I wrote this post before I became vegan, so you’ll find me talk about dairy, and even chicken and fish. I often look at this post, because it was really the start of a big change in my life… read on…

 

Ever since I’ve been 14, I’ve more or less been on a diet. That is, if you call a way of eating, a lifestyle, a diet. At 14, I went on a trip to Rottnest Island, and for a number of reasons, but mainly because the idea of eating animals began to turn me off. I decided from that moment on that I’d become a vegetarian. I was a guest with a friends family. That must have been a royal pain in the butt.

When I went to live in Japan upon graduating high school, I reintroduced meat into my diet (to not offend anyone although they don’t consume a great deal of it anyway though). When I returned, I dabbled in eating meat, but when I moved out of home, once again, discontinued eating all red meat. I tried giving up chicken and fish again, but I just couldn’t stick. And there I was.

In recent years (I’m currently 30) I’ve often pondered what I would do should I ever fall pregnant and have a child. Would I reintroduce red meat into my diet? But, I’ve reached a point in my life now where I just didn’t think I could go back. I’d often say ‘I’m in a rut’. In my eyes, I see no benefit to it. I don’t like the taste, I don’t like the way animals are treated, I don’t like that organic meat isn’t readily available, I don’t like the texture, and it makes my gut feel so heavy and gross.

Last year I began a new journey and for the first time, visited a naturopath, and was put on a strict diet in an attempt to lose weight by putting my body into ketosis (if you don’t know what this is, google it). No sugar, no starchy carbs, no alcohol, no beans, chicken only once a week or so (because apparently as a B blood group I can’t tolerate it), and a range of other ‘no’ foods. I stuck to this diet for three months and felt terrific, although my diet choices were limited. This is because on the diet, I needed to eat about 25-30g protein at each meal (plus two 10g snacks throughout the day), combined with three handfuls of vegetables. Given that I don’t eat red meat, and chicken and beans were out, I resorted to a lot of tofu, cheese, protein bars, protein shakes and some fish and nuts.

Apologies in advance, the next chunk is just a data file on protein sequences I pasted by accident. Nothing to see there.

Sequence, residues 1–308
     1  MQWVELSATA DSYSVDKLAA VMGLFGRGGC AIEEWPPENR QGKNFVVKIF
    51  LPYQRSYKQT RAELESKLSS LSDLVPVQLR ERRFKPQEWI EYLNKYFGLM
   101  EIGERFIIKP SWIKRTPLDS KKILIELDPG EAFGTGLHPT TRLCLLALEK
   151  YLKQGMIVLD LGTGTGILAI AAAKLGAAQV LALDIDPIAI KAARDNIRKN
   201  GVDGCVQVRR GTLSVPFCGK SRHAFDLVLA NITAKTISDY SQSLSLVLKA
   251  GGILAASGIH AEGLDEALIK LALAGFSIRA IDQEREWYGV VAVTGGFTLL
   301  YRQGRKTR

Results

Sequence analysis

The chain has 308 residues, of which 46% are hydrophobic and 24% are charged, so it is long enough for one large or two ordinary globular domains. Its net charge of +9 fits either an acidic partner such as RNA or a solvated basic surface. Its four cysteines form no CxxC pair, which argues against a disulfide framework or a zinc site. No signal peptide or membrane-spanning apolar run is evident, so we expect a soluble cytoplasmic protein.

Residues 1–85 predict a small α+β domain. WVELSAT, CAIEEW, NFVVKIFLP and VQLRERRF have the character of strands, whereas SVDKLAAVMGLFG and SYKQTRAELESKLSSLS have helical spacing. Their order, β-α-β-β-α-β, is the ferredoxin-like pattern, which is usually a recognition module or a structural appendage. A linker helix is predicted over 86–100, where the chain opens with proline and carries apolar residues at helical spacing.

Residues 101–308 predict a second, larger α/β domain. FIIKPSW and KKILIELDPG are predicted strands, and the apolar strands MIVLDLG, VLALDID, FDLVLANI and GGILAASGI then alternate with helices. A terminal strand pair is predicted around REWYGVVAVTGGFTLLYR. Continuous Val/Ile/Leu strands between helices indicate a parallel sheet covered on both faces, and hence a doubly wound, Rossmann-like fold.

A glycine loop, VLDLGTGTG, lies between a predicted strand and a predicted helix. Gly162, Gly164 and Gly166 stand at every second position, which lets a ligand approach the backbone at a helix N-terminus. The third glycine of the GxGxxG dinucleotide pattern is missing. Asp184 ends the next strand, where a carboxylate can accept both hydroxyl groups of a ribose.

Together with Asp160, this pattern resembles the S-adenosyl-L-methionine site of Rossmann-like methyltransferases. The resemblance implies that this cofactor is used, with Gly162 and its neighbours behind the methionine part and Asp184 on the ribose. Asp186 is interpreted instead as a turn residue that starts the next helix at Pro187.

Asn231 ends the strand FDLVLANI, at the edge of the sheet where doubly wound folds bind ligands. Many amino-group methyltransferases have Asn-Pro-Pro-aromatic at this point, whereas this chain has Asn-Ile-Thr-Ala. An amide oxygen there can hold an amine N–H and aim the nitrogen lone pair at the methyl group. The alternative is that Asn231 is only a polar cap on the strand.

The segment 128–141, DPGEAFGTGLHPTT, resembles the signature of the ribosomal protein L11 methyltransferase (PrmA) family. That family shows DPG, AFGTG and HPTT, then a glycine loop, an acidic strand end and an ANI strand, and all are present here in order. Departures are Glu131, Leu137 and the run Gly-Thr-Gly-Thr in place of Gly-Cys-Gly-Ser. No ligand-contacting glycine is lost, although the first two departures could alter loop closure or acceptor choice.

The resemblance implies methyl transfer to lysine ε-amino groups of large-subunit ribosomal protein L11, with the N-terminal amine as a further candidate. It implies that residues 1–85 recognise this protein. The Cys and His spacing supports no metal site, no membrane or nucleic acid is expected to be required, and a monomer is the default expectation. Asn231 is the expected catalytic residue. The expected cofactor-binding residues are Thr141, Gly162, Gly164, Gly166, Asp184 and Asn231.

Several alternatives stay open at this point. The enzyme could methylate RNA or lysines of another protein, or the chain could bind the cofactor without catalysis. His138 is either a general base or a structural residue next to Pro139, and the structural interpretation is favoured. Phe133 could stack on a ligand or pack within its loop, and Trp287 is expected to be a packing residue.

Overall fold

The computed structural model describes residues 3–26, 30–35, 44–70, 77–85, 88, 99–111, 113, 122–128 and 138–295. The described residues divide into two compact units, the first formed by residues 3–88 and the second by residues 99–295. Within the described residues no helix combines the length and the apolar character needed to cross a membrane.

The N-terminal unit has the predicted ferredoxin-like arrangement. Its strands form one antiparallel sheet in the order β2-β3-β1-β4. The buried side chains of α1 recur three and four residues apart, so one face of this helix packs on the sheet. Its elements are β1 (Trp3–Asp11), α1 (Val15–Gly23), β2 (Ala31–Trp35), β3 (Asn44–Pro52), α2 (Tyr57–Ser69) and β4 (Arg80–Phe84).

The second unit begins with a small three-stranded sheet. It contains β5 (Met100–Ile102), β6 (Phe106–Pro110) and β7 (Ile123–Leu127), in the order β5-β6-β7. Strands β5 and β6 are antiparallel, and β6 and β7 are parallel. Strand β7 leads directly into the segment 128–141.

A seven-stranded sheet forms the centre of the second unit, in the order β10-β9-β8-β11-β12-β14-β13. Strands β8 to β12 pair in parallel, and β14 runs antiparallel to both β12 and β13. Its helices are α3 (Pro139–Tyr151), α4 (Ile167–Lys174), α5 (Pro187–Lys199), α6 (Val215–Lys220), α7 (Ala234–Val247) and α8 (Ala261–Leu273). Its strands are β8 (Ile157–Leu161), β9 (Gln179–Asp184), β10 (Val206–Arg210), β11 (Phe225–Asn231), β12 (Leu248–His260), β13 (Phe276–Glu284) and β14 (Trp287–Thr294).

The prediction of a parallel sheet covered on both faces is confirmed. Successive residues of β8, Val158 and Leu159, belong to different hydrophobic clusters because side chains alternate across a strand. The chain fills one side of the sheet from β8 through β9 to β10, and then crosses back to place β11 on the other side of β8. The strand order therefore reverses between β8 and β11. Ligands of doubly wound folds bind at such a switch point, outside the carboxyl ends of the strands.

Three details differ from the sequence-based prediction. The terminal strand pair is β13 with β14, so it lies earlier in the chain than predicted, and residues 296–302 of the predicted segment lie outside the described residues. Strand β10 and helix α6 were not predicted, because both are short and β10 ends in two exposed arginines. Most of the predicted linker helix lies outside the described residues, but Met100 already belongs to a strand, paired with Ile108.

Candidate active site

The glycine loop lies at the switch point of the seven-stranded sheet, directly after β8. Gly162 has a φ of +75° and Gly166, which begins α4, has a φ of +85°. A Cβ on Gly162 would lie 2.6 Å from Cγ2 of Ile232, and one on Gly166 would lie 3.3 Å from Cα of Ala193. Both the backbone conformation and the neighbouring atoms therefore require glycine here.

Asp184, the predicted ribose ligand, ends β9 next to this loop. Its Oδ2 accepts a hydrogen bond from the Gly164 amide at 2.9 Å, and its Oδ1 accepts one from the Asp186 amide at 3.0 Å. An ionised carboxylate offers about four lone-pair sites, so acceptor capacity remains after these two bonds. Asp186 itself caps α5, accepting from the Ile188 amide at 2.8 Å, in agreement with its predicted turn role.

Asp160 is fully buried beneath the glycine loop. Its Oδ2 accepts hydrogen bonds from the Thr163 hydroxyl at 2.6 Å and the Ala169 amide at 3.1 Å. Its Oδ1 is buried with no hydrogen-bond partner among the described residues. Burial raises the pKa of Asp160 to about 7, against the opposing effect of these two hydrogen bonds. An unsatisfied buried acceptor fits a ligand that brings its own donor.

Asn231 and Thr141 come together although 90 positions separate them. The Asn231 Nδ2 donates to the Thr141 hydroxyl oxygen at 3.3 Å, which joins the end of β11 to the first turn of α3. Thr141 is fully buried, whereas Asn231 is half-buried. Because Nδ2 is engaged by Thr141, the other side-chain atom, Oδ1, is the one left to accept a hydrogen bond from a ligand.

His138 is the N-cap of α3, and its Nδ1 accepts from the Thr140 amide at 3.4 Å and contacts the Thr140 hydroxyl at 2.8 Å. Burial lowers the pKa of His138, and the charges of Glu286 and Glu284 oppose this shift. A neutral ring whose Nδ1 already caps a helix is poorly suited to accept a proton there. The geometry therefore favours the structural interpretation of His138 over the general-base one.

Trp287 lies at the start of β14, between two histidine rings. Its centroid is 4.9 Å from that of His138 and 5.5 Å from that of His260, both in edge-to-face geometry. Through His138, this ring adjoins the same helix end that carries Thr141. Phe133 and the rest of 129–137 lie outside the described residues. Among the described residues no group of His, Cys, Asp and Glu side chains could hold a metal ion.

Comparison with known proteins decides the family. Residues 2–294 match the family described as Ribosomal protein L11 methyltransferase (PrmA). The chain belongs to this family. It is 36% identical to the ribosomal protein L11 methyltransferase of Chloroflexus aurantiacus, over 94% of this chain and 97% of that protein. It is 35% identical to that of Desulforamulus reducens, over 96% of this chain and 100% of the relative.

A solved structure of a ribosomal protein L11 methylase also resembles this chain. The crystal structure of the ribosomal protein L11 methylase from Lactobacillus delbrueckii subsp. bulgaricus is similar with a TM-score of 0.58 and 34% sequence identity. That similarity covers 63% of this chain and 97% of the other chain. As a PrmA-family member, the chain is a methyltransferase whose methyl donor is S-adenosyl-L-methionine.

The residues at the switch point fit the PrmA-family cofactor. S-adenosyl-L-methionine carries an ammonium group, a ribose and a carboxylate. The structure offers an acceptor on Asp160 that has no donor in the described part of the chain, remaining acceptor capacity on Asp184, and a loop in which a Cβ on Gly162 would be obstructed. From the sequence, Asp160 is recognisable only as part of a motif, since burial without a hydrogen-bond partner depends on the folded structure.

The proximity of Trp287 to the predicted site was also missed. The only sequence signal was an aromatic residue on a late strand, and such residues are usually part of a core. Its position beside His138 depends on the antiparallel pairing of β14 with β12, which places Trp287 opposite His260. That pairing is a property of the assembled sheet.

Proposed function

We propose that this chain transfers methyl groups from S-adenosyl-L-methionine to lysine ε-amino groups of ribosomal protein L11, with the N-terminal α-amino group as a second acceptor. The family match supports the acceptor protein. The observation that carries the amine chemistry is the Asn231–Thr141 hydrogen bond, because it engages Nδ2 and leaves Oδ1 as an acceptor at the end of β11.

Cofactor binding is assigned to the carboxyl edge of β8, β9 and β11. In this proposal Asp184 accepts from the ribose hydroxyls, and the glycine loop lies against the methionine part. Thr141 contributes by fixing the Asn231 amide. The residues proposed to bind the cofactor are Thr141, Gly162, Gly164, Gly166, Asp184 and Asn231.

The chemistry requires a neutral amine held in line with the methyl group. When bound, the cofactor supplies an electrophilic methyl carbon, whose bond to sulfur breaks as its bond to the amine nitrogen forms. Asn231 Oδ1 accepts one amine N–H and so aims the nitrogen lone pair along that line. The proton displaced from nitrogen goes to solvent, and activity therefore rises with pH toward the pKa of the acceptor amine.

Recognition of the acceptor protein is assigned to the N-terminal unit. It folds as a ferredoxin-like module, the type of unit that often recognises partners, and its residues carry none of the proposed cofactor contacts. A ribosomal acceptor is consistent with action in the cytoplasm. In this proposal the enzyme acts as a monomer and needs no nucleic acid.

I did feel pretty good, felt much lighter in the gut, and lost weight. But, for me, it didn’t feel like a ‘forever’ way of eating’.

What it did do though, is spark my curiosity with nutrition. I’m a very curious soul, and I started reading, on the quest to find what I thought would work best for me.

Now, again I’m seeing a naturopath, and one whose philosophies seem much more aligned to my way of life. I started seeing her three months ago, and once again, have been put on a diet, a detox. No alcohol, no wheat, no dairy, no yeast, no soy, no coffee, no sugar. Now, I’ll admit that I’ve been a terrible patient on this one, and haven’t 100% stuck with the no sugar and no wheat. I’d give myself a 90% score there though. And dairy….. well I live off dairy so I flat out told the naturopath that was off the cards and continued as such.

The Kind Diet by Alicia Silverstone

The Kind Diet by Alicia Silverstone

 

One thing that piqued my interest though, was that she said I should be getting my protein once a day from vegetarian sources rather than from animal sources.

Crazy Sexy Diet by Kris Carr

Crazy Sexy Diet by Kris Carr

What?! Protein (other than tofu) that doesn’t come from a meat source?! Well, actually I knew that, but thought they were all incomplete proteins, that they didn’t provide enough protein, and well, so on. She mentioned quinoa, amaranth, barley and millet. I didn’t know much about any of these, but quinoa was the one I was most curious about (more about that in another article).